What are passkeys? Here’s the next big sign-in method

Privacy news
7 mins
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Passwords have evolved over time, with companies requiring longer, more complex ones to deal with increased sophistication of hackers trying to break into accounts. Two-factor authentication has also appeared as a way to strengthen security while requiring more work from the user and involving apps, text messages, hardware keys, and more. But is the day finally coming where passwords will no longer be a fixture of our digital lives?

That’s been the promise of passkey, a new industry standard that’s recently been adopted by iPhone, with iOS 16. Ventura, the new operating system for Mac, also supports passkey. Other major device makers are expected to add passkey capability very soon.

Instead of relying on a username and password combination, passkey lets you validate your identity right from your device using your biometrics (faceprint or fingerprint) or PIN. What happens behind the scenes is cryptographically secure, while allowing you to avoid the risks that come with the use of weak passwords.

Read more: Video: Best ways to store your passwords

Passkey vs. password: What’s the difference?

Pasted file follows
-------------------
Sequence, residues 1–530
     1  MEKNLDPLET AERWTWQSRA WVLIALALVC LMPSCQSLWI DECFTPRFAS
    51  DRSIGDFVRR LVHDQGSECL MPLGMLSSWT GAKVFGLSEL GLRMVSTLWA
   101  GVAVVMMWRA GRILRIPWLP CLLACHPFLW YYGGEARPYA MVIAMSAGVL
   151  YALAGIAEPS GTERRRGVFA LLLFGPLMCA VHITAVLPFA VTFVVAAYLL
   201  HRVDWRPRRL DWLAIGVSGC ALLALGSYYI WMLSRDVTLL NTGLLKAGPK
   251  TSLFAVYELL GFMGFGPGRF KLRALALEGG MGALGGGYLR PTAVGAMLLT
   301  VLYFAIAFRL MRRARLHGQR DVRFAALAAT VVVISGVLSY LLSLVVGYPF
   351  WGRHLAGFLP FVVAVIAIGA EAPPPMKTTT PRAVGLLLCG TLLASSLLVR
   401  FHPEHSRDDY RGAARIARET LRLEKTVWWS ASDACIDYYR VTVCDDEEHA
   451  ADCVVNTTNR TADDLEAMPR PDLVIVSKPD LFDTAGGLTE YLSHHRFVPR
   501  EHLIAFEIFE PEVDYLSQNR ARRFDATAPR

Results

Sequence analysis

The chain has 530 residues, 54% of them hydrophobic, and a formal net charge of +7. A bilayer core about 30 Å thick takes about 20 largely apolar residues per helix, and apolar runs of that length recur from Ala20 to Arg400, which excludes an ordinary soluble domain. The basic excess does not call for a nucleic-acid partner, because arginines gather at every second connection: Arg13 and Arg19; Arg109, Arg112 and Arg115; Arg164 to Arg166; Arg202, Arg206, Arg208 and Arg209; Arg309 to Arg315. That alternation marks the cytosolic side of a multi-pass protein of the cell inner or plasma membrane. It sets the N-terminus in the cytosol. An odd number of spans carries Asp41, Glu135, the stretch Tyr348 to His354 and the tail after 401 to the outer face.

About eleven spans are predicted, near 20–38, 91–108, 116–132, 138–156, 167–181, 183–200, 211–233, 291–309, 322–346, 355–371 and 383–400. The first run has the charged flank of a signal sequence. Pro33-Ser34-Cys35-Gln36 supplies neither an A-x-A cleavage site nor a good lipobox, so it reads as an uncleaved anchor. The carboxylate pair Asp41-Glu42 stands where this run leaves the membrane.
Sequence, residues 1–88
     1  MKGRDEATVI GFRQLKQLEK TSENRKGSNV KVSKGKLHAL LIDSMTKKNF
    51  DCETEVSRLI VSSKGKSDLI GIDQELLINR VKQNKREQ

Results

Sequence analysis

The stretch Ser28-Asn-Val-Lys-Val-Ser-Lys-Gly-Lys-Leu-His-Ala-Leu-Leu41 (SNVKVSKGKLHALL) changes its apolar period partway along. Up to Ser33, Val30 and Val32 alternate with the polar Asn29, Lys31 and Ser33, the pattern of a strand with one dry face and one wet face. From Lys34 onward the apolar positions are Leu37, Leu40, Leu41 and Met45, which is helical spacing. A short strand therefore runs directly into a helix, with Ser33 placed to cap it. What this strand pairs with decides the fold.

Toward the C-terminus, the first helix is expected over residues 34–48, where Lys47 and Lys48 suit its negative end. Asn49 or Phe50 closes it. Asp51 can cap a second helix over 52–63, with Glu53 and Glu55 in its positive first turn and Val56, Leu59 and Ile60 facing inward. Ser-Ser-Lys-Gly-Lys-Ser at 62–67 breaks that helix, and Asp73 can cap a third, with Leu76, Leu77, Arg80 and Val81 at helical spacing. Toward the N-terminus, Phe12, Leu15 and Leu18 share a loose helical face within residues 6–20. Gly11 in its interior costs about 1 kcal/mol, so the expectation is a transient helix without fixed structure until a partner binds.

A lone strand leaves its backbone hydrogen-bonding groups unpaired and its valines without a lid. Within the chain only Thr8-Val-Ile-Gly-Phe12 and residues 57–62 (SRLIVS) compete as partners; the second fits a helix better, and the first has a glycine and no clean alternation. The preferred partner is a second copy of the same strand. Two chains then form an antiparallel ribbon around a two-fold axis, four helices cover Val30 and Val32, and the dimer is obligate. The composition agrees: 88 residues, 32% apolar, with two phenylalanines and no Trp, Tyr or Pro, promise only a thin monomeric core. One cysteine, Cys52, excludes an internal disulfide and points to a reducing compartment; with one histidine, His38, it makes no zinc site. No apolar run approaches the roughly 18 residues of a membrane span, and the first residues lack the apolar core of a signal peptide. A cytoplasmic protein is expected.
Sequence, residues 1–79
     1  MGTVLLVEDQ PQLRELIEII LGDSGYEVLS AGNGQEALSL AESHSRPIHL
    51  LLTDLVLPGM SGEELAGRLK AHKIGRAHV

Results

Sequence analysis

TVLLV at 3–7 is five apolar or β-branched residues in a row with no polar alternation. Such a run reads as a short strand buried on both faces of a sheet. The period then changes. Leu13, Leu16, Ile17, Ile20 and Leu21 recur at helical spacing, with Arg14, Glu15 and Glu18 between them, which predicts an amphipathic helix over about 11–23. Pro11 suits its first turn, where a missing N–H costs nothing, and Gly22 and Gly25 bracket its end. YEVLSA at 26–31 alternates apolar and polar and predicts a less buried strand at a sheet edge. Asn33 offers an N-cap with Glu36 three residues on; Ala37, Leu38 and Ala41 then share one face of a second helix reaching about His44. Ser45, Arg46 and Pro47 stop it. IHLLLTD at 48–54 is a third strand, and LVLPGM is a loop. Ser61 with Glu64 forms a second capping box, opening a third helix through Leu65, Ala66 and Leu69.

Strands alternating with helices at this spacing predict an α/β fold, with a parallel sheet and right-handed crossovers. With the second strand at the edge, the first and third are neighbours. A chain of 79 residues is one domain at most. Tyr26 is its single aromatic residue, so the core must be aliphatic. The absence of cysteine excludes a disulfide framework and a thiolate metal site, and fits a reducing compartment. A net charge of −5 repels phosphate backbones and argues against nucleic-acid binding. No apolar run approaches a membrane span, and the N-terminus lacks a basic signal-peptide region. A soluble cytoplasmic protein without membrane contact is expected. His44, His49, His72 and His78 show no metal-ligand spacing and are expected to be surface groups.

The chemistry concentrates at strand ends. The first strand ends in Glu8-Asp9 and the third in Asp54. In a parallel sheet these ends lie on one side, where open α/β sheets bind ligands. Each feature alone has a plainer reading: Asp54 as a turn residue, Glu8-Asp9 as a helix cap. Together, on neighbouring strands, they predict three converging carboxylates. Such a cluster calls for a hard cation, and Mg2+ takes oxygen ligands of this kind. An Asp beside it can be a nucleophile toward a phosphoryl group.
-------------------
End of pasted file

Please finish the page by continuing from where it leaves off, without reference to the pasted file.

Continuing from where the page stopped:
The obvious difference is that passkeys don’t require a username and password combination to log in to your accounts. All you need is a username, and replacing a password is your personal device and your fingerprint, face, or PIN. You’ll also need a Bluetooth connection if you’re using your phone to authenticate on a different device (say, a laptop).

So they’re convenient. But passkeys are also seen as more secure. Here’s why.

Password weaknesses

Passwords are far from perfect. It’s a hassle to remember multiple passwords, especially if they are long and complicated—which is how strong passwords should be. Many of us have used the same password for multiple websites, which is a risky practice, since if the password is discovered for one account, an attacker could try the same password on other accounts. (A password manager can go a long way to help you store your numerous passwords, protected by just one primary password.)

Passwords can be breached. Think of the data breaches we keep hearing about that give up user passwords. There is nothing that individual users can do to prevent these incidents. Passwords can also be discovered through phishing attacks, when users are tricked into giving up their logins to cybercriminals. Hackers can also use brute force attacks to try lots of passwords, to which accounts with weak passwords are particularly vulnerable.

Passkey benefits

Passkeys are not susceptible to the main risks associated with setting passwords. For someone to log in as you, they would need to have your physical device. Even then, without your biometrics (or PIN) they wouldn’t be able to gain access.

Using passkeys means data breaches won’t compromise your login. If someone hacks into a company server, for instance, they wouldn’t be able to discover your password—because it doesn’t exist. As long as they don’t have your device, they don’t have anything useful for breaking into your account.